Macchu Pisco

Pisco has been on the rise over the last 18 months or so here in the UK as more bartenders and consumers are embracing the South American spirit. I’ve already covered the Pisco category as a whole, explaining the different types your receive from the two main countries that produce the category; Chile and Peru, but I’ve had the chance to experience another from Peru in the form of Macchu,

So what makes Macchu stand out to the rest of the Peruvian piscos?

You need to head back to the years before 2003 and introduce yourself to Melanie Asher, CEO/Founder, master distiller and blender of Macchu pisco. Melanie saw the potential in the United States and their love for cocktails and artisanal spirits, and with this she set out to introduce the country to one of her homeland’s native spirits; Pisco. Using her knowledge of winemaking from when she lived briefly in France and the region of Bordeaux, she set out to produce her first bottling, one that would earn her a gold medal at the Concurso Nacional, Peru’s premier competition that awards the country’s best pisco offerings.

In 2009, Melanie was joined by her sister Lizzie who serves as the company’s President and leads the company’s import operations and marketing. Comprising 4 generations of women within the company (including their 100-year old grandmother Abuela Amelia, who always approves of each distillation before bottling!), they acquired their own distillery located in Ica, part of the Pisco Valley of Peru and produce three piscos – the premium single-variety Macchu Pisco, the super-premium acholado-style La Diablada Pisco and the Ñusta Pisco.

Macchu Pisco became the first super-premium Pisco to enter the U.S market. The non-aromatic Quebranta grape is distilled within copper pot stills, and then rested for a minimum of 1 year before being bottled. Within each bottle, 13-lbs of the Quebranta grapes are within, and it prides itself on being free of added sugar,enzymes, yeast or water. La Diablada Pisco however is the world’s only vintage Pisco since 2005 and is a blend of Quebranta, Moscatel, Italia and Torontel grapes. The La Diablada names implies the spiciness of the devil and the sweetness of an angel and uses the first grape pressing and the heart of the distillate only. The 4 eau-de-vies are distilled once to proof and allowed to reach naturally its 40% abv without adding any water. They are rested for over a 2 year period and once bottled, each can hold 20-lbs of grape.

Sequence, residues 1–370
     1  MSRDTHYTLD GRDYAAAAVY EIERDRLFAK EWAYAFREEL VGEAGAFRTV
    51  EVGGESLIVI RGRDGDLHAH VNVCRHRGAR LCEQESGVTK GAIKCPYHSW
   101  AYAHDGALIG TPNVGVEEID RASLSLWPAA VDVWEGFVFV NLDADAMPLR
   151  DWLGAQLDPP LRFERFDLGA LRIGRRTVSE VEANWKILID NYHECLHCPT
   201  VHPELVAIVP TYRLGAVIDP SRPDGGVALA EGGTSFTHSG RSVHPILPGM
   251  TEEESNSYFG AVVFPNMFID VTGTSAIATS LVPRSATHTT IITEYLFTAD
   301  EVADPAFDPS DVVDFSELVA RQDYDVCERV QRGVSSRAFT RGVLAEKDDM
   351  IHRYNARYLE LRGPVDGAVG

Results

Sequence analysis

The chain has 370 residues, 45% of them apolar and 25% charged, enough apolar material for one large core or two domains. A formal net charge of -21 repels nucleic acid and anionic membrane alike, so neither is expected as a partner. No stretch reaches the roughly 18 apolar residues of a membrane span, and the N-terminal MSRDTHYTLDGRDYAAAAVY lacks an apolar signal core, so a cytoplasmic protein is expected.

So, how do they fare? Well below, I give to you my tasting notes –

Macchu – 40%

Ripe pear notes upon the nose, with a good dose of tart fruits coming through. Light, soft flavours of the pear are present on the palate, with dry grapes and sweet fruit salad flavours combining to create a long, tantalising finish.

La Diablada – 40%

A fresh, scented nose of melon, sharp grapes and ripe apricot, moving to a more concentrated kick of the apricot upon the palate. A good punch of glazed fruits blended with dry spices offers a bold finish that dries slightly.

Two very different experiences, and are great to be sipped. But there’s a classic name that many of you will recognise and, of course, works very well with Macchu –

Pisco Sour

Glass – 


Ingredients – 

75 ml Macchu
25 ml Fresh lime juice
25 ml Sugar syrup
1 Egg white

Method – 

Shake all the ingredients within an ice filled cocktail shaker and strain into an ice filled rocks glass. Garnish with a drop of Angostura Bitters.

Refreshingly different! As is the Macchu pisco brand, who have been hosting events in London this year including teaming with Pachamama to unveil an exclusive 4 litre Jeroboam magnum filled to the brim with La Diablada Pisco, all to celebrate the 100th birthday of grandmother Abuela Amelia!

A worthy addition to your drinks cabinet, and two expressions that will be making its way around the UK over the coming years, so make sure you enjoy the Peruvian delight when you can!

© David Marsland and Drinks Enthusiast 2015. Unauthorized use and/or duplication of this material without express and written permission from this blog/sites author and owner is strictly prohibited. Excerpts and links may be used, provided that full and clear credit is given to David Marsland and Drinks Enthusiast with appropriate and specific direction to the original content.

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